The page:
It is very likely that the seventeenth-century reader would not have found serious difficulties to decipher the complex association of ideas contained in this iconographic scheme. In the previous century, there had been a great demand for books of emblems and devices, a type of literature that heavily used hieroglyphics, symbols and allegories, by freely borrowing from the Egyptian, Biblical, early Christian, and medieval traditions. Moreover, apart from glorifying both the author and his work, these illustrated title-pages were also a useful marketing tool. We should not forget that in the first three centuries of printing, most books were sold in unbound sheets. Consequently, these luxuriously engraved title-pages, or frontispieces, were a useful tool for the publisher to attract the interest of a potential buyer.
For the interpretation of the rich imagery of Sylva Sylvarum 's engraved title-page, I am greatly indebted to Margery Corbett and R.W. Lightbown's The Comely Frontispiece: The Emblematic Title-Page in England 1550-1660 (London, Henley and Boston: Routledge & Kegan Paul, 1979), 184-9.
Following the allegorical engraving is the printed title-page.
The first page of the dedication to Charles I is shown below.
As an editor of those Bacon’s works that were published posthumously, Rawley always included a preface, customarily called "To the reader," to digress about the scientific and philosophical relevance of the treatise.
Finally, I would like to include a brief bibliographical note. As you might have observed in the three previous pictures, the pages of this book contain a frame, a box of lines surrounding the text. This device could also split the text into columns, a characteristic appearance of the page in English seventeenth-century books, for example in the first edition of Milton's Paradise Lost. Frames were built with brass rules, and, as in the page displayed below, they usually included brief summaries of the text in its margins so that the reader could quickly locate the desired passage.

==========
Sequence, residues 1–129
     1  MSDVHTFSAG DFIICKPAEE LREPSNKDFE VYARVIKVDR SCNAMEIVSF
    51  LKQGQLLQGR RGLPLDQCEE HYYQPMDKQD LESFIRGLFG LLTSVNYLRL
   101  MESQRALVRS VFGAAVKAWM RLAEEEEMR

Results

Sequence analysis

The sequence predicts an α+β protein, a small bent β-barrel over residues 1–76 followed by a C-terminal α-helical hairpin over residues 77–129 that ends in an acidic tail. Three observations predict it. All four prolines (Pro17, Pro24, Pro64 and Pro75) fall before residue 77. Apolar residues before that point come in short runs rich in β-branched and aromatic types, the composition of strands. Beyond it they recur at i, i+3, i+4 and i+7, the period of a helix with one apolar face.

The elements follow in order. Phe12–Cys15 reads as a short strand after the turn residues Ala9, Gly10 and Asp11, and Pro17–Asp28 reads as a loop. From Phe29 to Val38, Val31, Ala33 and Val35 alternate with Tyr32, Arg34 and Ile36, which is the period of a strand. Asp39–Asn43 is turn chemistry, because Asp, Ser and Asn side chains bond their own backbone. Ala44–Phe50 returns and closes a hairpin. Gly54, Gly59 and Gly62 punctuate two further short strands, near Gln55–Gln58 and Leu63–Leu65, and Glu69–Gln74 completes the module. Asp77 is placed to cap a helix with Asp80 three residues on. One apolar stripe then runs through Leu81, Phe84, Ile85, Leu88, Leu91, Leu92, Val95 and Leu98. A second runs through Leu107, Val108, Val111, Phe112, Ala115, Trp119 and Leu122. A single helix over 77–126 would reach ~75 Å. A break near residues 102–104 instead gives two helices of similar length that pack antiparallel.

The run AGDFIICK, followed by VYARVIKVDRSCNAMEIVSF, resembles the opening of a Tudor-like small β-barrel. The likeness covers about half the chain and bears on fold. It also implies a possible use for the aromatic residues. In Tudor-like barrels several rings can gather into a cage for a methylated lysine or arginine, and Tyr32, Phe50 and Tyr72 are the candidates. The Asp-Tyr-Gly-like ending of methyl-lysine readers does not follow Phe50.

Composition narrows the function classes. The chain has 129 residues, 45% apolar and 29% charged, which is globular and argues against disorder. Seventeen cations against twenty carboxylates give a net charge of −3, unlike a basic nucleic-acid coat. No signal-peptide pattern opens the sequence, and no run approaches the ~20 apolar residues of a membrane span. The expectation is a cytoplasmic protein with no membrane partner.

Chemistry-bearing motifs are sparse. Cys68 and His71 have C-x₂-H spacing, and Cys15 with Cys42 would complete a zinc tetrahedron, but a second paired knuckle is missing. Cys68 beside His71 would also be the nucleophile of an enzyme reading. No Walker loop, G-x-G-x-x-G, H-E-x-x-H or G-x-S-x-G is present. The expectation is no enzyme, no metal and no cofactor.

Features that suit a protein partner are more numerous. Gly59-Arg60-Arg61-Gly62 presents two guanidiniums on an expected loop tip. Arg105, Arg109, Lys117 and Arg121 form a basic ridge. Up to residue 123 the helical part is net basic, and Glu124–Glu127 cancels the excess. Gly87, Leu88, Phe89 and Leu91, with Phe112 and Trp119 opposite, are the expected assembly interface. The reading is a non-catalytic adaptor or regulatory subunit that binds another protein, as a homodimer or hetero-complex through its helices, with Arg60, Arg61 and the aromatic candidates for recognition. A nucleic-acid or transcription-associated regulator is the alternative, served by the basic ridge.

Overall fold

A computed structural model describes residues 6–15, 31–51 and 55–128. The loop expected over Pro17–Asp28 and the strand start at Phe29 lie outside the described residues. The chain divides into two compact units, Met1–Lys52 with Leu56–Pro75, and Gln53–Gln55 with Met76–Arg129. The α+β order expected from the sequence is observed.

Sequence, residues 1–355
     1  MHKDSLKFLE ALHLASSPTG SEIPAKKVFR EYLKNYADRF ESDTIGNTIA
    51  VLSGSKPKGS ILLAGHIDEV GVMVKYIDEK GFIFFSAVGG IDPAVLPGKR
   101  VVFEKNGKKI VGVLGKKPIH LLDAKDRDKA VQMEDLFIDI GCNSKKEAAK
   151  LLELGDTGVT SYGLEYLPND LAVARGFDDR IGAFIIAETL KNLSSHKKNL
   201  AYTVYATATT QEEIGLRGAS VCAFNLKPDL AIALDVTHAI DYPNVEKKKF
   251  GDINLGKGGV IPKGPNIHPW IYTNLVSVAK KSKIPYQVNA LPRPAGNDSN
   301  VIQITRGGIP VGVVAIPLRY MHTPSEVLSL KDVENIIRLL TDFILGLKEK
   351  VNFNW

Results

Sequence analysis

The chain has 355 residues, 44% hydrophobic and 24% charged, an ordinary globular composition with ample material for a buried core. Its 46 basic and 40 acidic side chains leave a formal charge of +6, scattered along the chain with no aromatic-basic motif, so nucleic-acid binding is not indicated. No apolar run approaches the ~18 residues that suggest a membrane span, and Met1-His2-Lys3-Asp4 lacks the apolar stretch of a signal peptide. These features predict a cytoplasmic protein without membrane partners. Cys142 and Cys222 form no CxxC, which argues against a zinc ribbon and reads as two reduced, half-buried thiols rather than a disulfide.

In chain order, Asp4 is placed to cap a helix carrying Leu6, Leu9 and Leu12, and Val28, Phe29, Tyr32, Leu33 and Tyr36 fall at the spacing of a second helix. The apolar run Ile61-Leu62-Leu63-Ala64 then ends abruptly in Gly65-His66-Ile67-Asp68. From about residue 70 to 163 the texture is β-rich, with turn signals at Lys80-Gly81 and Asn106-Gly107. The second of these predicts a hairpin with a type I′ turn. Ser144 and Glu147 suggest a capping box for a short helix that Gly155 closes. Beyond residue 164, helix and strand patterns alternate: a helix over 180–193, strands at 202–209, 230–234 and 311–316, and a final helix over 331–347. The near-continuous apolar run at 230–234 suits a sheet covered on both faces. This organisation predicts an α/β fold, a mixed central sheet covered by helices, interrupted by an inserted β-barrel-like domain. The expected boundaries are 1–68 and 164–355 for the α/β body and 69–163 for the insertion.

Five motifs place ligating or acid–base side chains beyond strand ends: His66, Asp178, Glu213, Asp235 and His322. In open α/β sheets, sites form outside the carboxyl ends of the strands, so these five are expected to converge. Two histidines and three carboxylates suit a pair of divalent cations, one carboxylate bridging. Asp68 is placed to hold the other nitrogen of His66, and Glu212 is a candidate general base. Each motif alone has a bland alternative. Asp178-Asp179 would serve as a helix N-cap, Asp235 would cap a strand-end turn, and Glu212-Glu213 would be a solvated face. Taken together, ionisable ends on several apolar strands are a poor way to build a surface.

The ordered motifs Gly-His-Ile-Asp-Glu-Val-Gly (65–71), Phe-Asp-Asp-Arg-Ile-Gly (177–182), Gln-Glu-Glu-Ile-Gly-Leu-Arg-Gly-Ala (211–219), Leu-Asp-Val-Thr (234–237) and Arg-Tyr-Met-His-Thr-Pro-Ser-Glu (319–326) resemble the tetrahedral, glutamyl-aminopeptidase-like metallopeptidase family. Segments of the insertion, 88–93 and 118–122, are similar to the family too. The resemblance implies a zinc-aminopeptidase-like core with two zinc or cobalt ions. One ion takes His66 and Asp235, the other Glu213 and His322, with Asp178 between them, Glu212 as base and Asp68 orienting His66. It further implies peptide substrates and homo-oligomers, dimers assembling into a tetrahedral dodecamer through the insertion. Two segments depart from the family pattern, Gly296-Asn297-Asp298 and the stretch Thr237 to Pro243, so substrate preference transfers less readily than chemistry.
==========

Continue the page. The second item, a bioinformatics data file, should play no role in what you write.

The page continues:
Bietenholz, Peter G. and Thomas B. Deutscher. Ed. Contemporaries of Erasmus: A Biographical Register of the Renaissance and Reformation. 3 vols. Toronto: University of Toronto Press, 1885-7.
Corbett, Margery and R.W. Lightbown. The Comely Frontispiece: The Emblematic Title-Page in England 1550-1660. London, Henley and Boston: Routledge & Kegan Paul, 1979.
Gibson, R. W. Francis Bacon; a Bibliography of his Works and of Baconiana to the Year 1750. Oxford: Scrivener Press, 1950.
Jardine, Lisa and Alan Stewart. Hostage to Fortune: The Troubled Life of Francis Bacon. New York: Hill and Wang, 1999.